But then time passed. Other items in my queue took priority, and although I did print out the stole pattern and wind the yarn (in an unforgettable marathon session), for some reason I held off on any actual knitting. I created a project page on Ravelry with a picture of the wound skein and a link to the stole, but I never cast on. Every so often, in the intervening months, I would pull out the wound skein to admire it and mull over all the intriguing possibilities that it seemed to offer. Looking back, I guess I must not have been entirely sure that I had really found the right pattern yet, because I kept surreptitiously hunting about and examining various options.

Eventually, I had to face facts. This project wasn't going anywhere in a hurry. I had growing doubts about the stole idea, and at some point I deleted the project page on Ravelry and officially moved the yarn over into my stash while I continued to search for a pattern. At that point I was biding my time and waiting for the next inspiration to strike.

Then just last week I felt my inchoate thoughts start to gel all of a sudden. I realized that I definitely no longer want to knit a rose-colored stole, but a triangular shawl instead. The Hearthfire project has made me a convert. So I did an exhaustive search through the entire Ravelry database, looking specifically for intricate lace triangles.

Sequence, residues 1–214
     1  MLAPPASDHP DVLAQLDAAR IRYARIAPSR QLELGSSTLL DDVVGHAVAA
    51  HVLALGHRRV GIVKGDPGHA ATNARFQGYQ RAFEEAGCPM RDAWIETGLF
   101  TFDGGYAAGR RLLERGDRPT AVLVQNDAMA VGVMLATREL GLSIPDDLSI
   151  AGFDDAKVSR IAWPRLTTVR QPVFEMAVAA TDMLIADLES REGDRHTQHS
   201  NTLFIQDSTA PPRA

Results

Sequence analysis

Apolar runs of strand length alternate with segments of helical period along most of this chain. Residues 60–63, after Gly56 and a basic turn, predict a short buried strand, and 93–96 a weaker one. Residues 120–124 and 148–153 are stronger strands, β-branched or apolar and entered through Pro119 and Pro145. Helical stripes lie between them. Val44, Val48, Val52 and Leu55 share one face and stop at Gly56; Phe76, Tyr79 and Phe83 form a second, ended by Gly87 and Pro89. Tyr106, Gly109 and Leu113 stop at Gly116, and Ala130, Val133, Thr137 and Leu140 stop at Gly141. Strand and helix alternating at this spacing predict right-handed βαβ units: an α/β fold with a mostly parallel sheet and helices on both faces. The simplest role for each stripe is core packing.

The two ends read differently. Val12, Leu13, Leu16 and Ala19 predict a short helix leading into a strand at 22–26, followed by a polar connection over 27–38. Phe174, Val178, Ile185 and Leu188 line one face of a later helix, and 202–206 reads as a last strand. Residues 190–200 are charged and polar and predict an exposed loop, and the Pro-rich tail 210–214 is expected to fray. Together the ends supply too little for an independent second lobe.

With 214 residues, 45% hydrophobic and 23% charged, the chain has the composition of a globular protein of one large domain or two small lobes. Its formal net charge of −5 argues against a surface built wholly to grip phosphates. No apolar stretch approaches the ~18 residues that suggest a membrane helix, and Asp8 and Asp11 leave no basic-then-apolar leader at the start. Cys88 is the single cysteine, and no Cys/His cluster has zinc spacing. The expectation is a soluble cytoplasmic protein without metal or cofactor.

In my experience, it can be frustrating to go pattern hunting when you have something very specific in mind, because so often you come away disappointed. Nobody "out there" seems to get it just right. This time again, as usual, many lovely things (and some not-so-lovely ones too, IMHO) were examined and duly rejected. In the process, I ran across several striking designs that I had not seen before, including this amazing variation on the peacock-feather motif that may very well be destined for my stash of Unique Sheep Eos in the Aurora Borealis colorway (shown paired with silver-lined capri blue magatama beads). But I tried to stay focused on the task at hand, and after several hours, I finally found EXACTLY what I was looking for.

The winner is American Beauty from BadCat Designs: a triangular lace shawl based on an elegant rosebud pattern that appears throughout, with a delicate edging and some magnificent larger floral motifs in strategic locations. Scroll down on the page linked above to see a photo gallery from the original KAL. Although the complete pattern is now available for purchase and easy download, it was originally published serially on the designer's blog. I took my time and read through the entries in some detail before making even a small investment, but in all honesty I had fallen head-over-heels in love with this shawl at the very first sight, just as I had done with the yarn back in August. I feel very VERY sure that we are looking at a match made in heaven.

Aphorism #3: NEVER Say Never...